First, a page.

At earlier points in their history, the Inns provided the students with lengthy and careful lectures, known as readings, by distinguished members of the bar. The reader prepared an elaborate discussion of an act or statute that, after being delivered, was followed by a series of arguments by barristers about the incorrectness of the reader's opinion, followed itself by the reader's rebuttal. In addition to these readings, the students were provided with the opportunity to observe mock exercises called bolts and moots.

Keeping Terms: Dinner as Education

By the time of Gandhi's arrival these practices had disappeared, and the Inns, while retaining their control over admission, had, with respect to their pedagogical function, descended to institutions akin to educationally undemanding social fraternities. The practice of "keeping terms," as the dinner requirement was known, remained, but in an eviscerated form. Four terms a year were held. A student was required to keep twelve terms in all, meaning that one could complete his preparation for the bar in just under three years. During these terms, students with university educations were required to dine at least three times during each term in a dining hall run by the Inn while nonuniversity students, like Gandhi, were required to eat dinner there at least six times a term. Students and barristers would be seated at tables of four, while the "benchers" would be seated separately. Although all were required to appear for dinner attired in their formal gowns, there was no requirement that any part of the dinner conversation center on the law. Indeed there was not even any conversation between the students and the benchers. There were no readings, lectures, or speeches. There were no moot exercises, the custom of conducting mock trials having been discarded long before Gandhi arrived. The only requirement was that the student, to get credit for attending, appear before grace was said and remain present throughout the dinner until a concluding after-dinner grace was said. By 1888, it appeared that keeping terms had lost any function it may once have had to impart a formal legal education to the students and was reduced to nothing more than a ceremony to inculcate in the student the manners of his profession.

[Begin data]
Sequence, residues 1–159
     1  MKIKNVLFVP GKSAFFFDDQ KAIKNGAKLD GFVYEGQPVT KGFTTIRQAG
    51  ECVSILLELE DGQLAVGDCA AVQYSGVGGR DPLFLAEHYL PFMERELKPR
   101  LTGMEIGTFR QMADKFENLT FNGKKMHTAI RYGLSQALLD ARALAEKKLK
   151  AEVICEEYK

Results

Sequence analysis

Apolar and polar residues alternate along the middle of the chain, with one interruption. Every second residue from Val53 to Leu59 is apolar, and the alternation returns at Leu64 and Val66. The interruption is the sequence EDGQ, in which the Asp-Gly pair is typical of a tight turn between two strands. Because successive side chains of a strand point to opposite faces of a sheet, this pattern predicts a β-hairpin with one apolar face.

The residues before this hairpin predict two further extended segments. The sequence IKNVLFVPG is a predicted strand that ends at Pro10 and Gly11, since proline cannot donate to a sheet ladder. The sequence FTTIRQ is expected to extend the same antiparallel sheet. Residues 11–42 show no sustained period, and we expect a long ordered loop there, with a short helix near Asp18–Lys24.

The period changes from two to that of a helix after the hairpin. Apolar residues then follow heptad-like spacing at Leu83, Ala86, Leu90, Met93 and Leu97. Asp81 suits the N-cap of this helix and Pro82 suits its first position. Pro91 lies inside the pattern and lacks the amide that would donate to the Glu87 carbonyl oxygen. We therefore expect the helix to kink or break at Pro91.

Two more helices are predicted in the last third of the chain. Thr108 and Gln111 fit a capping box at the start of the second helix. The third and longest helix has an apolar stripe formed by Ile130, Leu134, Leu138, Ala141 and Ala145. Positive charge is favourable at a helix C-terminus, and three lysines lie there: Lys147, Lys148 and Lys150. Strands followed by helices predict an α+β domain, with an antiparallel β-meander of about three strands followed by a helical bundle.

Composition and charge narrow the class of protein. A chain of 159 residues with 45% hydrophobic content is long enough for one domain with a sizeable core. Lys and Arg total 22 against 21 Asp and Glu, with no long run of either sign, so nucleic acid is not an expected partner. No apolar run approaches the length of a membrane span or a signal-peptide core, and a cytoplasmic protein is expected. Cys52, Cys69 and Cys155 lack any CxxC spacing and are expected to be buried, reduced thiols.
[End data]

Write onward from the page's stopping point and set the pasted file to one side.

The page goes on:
Apart from dinners there was no setting in which students were required to come in contact with either lecturers or practitioners. The students' days were their own. A diligent student would occupy himself, perhaps in one of the Inns' comfortable libraries, with the reading entailed in meeting the only academic requirements of this process: the passage of two written examinations, one in Roman law and one in English law. The Student's Guide to the Bar, by William Ball of the Inner Temple, published in 1879, states that the knowledge required to pass the Roman law examination was slight, and advises that for the person with a university education, "six weeks' work of ... six hours a day would be sufficient." In the period before Gandhi arrived in England, the English law examination had developed a reputation for being not much more challenging than that in Roman law, with Ball estimating that "four months' work of ... six hours a day ought to be amply sufficient for a University man of average abilities and education." The picture changed just before Gandhi started his studies. Writing on the eve of Gandhi's arrival in London, T.B. Napier and R.M. Stephenson, authors of A Practical Guide to the Bar (1888), claimed that "until quite recently the difficulty of the Bar examinations was greatly underrated" and that the "percentage of men who are ploughed for the Bar examinations is tolerably large." It is not surprising, then, that they advised more study than Ball, namely two to three months of steady work for the Roman law examination and more than just "a few months' reading" for the English law examination.

The final condition for being called to the bar was simply that the applicant be at least twenty-one.

These were the requirements to be called to the Bar in Gandhi's day, a set of criteria so minimal that it was universally agreed that one's legal education at the Inns had to be supplemented by an apprenticeship if one was to have any chance of success as a barrister. By associating himself with a practitioner, the pupil could familiarize himself with practice not only by observing the work of his barrister but by helping in the work itself, such as by drafting conveyances and pleadings under the barrister's supervision. Opinions as to how long a pupil should read in chambers, as it was called, ranged from one to three years.